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Leaving the World

Average Rating 3.5
( 17 )
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  • Posted December 27, 2010

    This one gets a pass...

    This is an author who is acclaimed and has written several books, but we believe he got several things wrong. More about that later.
    One of the central themes in this novel revolves around psychological damage. We discussed this at length, and came to the conclusion that while no one can completely avoid it, for most of us, our damaged parts don't run our lives. Another theme that was repeated was 'Words matter. Words count. Words have lasting import.'
    Jane's parents had a terrible marriage, and truth be told, were awful parents. Her mother was never satisfied with anything Jane did, and her father was never home. Her father left for good when Jane pointed out that she would never marry or have children because no one is happy. And of course, Jane's mother blamed her for her father leaving.
    Jane goes through a series of events in her life that stretch the boundaries of fiction. First she wins a full scholarship to Harvard, proving to her father that she is worth something, after all. She goes on to have an affair with her doctoral advisor. The one time she is open about her feelings, telling her lover that the book he's just had published isn't to her taste, the lover gets killed in a bike/truck accident. (Here there was disagreement: was it accident or suicide?)
    Then she decides to forget about her career as a college professor to enter the world of finance. After a few short weeks Jane alerts her employers to a deal that makes the company $142 million. Then she comes under the scrutiny of the FBI, and is fired. She came away with a $300,000 termination agreement. Then she runs away to Canada and turns her doctoral thesis into a book.
    She got a job as a professor in a third-tier college and got involved with another damaged character: Theo Morgan. She has a baby; Theo leaves her, the child dies in an auto accident, and Jane runs away again.
    A failed suicide attempt in Montana lands her in a psych ward. After finishing her treatment, she runs away again, to Canada. Here it starts to get really weird. She got a job as a librarian, and then turned into Nancy Drew: exposing a child murderer and rescuing his latest victim. THEN she ran away to Europe. She came back later. The end.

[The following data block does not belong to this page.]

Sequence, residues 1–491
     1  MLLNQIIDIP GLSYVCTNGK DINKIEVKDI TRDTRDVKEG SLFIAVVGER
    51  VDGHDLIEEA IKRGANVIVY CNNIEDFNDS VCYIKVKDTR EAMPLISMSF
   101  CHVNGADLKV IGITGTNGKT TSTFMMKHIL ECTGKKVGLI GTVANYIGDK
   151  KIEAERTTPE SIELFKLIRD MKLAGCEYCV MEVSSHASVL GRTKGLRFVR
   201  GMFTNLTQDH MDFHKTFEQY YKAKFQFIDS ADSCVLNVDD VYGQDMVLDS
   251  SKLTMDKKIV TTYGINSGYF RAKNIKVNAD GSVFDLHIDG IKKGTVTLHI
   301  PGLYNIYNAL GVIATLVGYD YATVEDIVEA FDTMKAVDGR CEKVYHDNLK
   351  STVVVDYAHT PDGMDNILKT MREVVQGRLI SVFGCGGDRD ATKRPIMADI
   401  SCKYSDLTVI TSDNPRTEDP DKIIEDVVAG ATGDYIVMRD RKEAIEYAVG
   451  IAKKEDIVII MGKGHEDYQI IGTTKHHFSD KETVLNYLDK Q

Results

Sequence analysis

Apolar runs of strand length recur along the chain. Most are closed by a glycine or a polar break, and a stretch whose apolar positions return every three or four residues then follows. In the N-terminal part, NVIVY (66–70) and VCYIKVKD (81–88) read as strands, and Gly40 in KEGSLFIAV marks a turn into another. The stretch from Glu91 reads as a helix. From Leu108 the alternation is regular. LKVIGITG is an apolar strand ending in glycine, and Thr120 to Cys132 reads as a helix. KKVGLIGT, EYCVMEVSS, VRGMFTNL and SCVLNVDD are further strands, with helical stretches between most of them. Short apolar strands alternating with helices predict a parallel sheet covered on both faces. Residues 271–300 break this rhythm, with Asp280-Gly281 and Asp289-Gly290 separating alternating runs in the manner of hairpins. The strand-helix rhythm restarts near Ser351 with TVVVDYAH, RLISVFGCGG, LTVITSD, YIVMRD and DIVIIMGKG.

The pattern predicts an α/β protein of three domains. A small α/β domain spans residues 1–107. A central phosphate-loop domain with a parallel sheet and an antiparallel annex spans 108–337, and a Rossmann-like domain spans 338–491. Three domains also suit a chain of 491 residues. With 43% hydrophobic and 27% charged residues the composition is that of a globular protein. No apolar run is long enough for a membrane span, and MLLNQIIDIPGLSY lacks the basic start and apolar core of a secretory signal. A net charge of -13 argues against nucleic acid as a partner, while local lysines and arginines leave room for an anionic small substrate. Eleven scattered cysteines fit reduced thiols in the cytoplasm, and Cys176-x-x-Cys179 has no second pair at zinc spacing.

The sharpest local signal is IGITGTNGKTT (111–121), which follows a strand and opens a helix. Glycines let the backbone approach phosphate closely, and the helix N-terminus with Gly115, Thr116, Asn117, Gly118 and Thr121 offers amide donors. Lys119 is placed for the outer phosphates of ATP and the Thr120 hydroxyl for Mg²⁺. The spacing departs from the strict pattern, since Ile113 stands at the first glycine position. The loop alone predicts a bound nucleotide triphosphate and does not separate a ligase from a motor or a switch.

There were parts of this book that we enjoyed. It spurred a great deal of discussion about family dynamics and good choices in life. But there were some very large flaws in the book, too. For instance, even though we loved the use of language, nearly every character spoke in the same college-educated voice. There were a number of Britishisms used: 'car park', 'ring me up'; this is a book about an American, and we simply don't talk like that. And my biggest laugh occurred during the January she spent in Nova Scotia: getting up before dawn, going out at 6, walking on the beach for 80 minutes, and returning at 8:15. Hah. The earliest sunrise in Nova Scotia in January is 11:38 am. Another huge flaw was the beloved daughter Emily. There was not a single description of her, other than she was perfect. The entire second half of the book revolved around Jane's guilt and misery at the death of her daughter, yet we don't know if she had blonde hair or dark, straight or curly; we don't know the color of her eyes; Emily is a mystery to us.
    This book is so flawed. Waste of time.

    1 out of 3 people found this review helpful.

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  • Anonymous

    Posted August 31, 2010

    Don't waste the time or the money

    all I can say about this book is that it is TERRIBLE. If the primary character didn't have bad luck she would have no luck. I could not even finish it. I put it in archive after about 110 pages.

    1 out of 1 people found this review helpful.

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  • Anonymous

    Posted August 2, 2010

    No text was provided for this review.

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